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Casino kings lob FCPA violation accusations

Experts say Steve Wynn and Kazuo Okada’s claims might not move forward

U.S. casino magnate Steve Wynn and Japanese gaming investor Kazuo Okada are playing the blame game.

The dispute between the two gaming moguls stems from Okada’s plans to develop new casinos in the Philippines. Wynn worried the casinos could steal Chinese clientele away from his company’s operations in nearby Macau.

Last month, Okada accused Wynn’s Las Vegas-based company, Wynn Resorts Ltd., of making an “inappropriate” $135 million donation to the University of Macau. Macau, a former Portuguese colony, currently is the world’s largest gambling destination.

Wynn in turn shot back with his own accusations this week, saying Okada’s gaming company, Universal Entertainment Corp., illegally provided $110,000 in hotel rooms, dinners and other expenses to Asian gaming regulators.

Although U.S. securities regulators are investigating Okada’s accusations, and Wynn says he plans to take his accusations to U.S. authorities, experts say both sides’ claims that the other is violating the Foreign Corrupt Practices Act (FCPA)—which prohibits companies with U.S. ties from bribing foreign officials in order to secure business—might not move forward.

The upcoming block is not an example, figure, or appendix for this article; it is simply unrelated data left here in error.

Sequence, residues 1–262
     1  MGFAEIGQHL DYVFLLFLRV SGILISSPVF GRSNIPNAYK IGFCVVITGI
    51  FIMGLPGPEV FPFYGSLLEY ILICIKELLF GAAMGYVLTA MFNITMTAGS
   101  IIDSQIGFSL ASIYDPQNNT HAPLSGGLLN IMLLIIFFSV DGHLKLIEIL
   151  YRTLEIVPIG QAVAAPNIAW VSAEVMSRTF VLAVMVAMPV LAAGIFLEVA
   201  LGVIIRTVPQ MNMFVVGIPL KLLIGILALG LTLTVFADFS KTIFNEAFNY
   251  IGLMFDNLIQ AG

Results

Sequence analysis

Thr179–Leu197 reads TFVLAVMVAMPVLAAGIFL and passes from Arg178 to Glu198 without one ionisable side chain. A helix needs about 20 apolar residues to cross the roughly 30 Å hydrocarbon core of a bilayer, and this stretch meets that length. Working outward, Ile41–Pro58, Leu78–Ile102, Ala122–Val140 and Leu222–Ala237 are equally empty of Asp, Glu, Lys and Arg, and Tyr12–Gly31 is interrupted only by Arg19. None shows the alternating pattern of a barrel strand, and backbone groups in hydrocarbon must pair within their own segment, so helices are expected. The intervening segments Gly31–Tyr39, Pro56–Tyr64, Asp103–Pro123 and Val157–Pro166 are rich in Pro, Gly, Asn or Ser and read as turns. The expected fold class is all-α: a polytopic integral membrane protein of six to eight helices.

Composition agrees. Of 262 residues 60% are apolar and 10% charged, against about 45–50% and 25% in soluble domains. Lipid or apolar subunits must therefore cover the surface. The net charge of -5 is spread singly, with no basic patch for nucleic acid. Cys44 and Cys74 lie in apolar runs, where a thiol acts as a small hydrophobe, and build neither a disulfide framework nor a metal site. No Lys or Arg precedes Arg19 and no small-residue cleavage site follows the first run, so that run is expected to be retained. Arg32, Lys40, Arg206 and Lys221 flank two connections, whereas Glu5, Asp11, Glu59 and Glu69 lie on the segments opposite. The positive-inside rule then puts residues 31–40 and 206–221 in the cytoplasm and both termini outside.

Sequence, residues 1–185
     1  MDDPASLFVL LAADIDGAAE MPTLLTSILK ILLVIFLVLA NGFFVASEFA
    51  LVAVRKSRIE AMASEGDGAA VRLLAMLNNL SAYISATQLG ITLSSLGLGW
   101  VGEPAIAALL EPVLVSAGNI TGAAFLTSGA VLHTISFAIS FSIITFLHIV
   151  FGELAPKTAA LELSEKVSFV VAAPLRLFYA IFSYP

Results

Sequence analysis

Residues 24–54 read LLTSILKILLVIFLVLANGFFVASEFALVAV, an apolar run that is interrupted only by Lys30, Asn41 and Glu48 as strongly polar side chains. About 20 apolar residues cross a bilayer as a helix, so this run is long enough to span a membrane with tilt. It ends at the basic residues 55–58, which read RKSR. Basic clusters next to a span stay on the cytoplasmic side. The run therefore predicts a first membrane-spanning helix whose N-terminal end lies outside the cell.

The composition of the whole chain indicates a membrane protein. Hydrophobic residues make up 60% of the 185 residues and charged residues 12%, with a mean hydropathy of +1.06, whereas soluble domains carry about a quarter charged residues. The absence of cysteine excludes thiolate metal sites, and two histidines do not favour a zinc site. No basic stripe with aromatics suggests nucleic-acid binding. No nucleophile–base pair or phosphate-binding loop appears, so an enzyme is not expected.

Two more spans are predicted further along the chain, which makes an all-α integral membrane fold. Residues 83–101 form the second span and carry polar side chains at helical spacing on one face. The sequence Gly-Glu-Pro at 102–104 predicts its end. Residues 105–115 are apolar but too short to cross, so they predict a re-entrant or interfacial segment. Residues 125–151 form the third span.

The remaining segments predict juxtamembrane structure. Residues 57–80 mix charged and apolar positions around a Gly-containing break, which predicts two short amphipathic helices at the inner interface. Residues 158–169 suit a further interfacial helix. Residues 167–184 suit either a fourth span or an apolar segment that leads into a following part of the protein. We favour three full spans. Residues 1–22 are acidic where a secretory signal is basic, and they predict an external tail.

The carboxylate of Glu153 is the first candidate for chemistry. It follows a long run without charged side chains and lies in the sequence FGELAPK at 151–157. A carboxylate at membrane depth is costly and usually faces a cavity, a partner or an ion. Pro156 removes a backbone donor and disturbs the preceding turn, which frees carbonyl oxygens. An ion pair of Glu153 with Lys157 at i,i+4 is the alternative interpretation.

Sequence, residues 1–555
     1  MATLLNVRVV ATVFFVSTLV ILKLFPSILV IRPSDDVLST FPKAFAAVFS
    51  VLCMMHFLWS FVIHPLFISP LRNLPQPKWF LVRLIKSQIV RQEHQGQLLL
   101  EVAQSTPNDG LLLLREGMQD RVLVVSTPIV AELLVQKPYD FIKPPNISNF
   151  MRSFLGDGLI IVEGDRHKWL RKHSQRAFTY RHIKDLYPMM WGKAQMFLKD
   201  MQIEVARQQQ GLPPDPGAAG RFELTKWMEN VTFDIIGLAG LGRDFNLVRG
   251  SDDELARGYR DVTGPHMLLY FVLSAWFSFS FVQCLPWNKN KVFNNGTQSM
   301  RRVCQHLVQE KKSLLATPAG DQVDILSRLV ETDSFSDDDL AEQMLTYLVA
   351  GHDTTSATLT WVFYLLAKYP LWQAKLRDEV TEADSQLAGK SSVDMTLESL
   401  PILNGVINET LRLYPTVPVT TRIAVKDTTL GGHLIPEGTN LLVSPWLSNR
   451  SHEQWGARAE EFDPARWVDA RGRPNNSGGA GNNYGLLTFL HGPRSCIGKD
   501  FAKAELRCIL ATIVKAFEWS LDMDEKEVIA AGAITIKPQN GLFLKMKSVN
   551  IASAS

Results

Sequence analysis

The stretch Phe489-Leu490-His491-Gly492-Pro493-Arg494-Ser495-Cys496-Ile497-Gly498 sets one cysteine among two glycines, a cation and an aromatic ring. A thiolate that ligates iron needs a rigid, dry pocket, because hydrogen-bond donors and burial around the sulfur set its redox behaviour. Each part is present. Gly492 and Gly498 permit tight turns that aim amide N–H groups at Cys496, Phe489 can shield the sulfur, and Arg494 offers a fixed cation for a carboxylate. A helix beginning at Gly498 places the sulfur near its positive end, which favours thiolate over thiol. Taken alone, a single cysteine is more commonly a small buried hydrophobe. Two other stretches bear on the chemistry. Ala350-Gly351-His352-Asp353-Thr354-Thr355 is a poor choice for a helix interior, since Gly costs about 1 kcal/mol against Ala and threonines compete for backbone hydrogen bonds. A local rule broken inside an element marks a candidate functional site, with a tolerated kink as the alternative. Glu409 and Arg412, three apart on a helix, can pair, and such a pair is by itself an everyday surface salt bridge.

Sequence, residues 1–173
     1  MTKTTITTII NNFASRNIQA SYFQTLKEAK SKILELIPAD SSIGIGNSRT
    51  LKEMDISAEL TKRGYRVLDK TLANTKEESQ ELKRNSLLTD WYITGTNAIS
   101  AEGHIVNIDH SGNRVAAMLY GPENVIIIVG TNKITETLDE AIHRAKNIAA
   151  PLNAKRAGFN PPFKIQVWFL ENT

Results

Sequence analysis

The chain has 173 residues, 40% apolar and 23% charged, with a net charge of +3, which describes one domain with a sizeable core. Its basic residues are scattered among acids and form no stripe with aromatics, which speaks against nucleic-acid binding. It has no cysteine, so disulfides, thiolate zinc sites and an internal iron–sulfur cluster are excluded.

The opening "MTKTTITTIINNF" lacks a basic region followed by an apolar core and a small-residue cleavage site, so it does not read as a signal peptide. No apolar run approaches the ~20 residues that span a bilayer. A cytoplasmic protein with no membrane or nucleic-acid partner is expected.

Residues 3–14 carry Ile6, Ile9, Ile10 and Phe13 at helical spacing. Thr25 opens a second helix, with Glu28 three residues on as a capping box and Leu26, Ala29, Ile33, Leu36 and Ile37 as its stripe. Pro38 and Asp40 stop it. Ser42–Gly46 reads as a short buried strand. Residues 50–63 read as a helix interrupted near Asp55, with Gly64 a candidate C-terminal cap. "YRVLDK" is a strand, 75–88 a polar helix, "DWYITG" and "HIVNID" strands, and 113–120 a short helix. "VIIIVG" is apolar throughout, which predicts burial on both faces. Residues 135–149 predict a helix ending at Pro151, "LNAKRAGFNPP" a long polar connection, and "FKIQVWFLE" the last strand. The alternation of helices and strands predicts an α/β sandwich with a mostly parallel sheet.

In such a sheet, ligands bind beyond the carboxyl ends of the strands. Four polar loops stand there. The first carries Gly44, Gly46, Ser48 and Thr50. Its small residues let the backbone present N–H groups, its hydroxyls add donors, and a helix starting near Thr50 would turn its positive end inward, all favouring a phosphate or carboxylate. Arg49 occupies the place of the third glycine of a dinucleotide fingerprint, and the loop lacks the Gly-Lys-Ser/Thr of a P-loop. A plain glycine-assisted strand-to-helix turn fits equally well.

For one thing, Wynn’s hefty donation was to a university, not a foreign official. Wynn also says lawyers vetted the donation, which he presented to the school at a public ceremony. Paul Hastings Partner Palmina Fava told Thomson Reuters that the “transparency and openness” of the donation “run counter to any assumption that a bribe was being paid.”

Additionally, a case against Okada would be a stretch because his company doesn’t have clear connections to the U.S. Experts also say Asian culture has a tradition of gift-giving that secures relationships, whereas the same etiquette might be considered a bribe in the U.S.

Ashley Post

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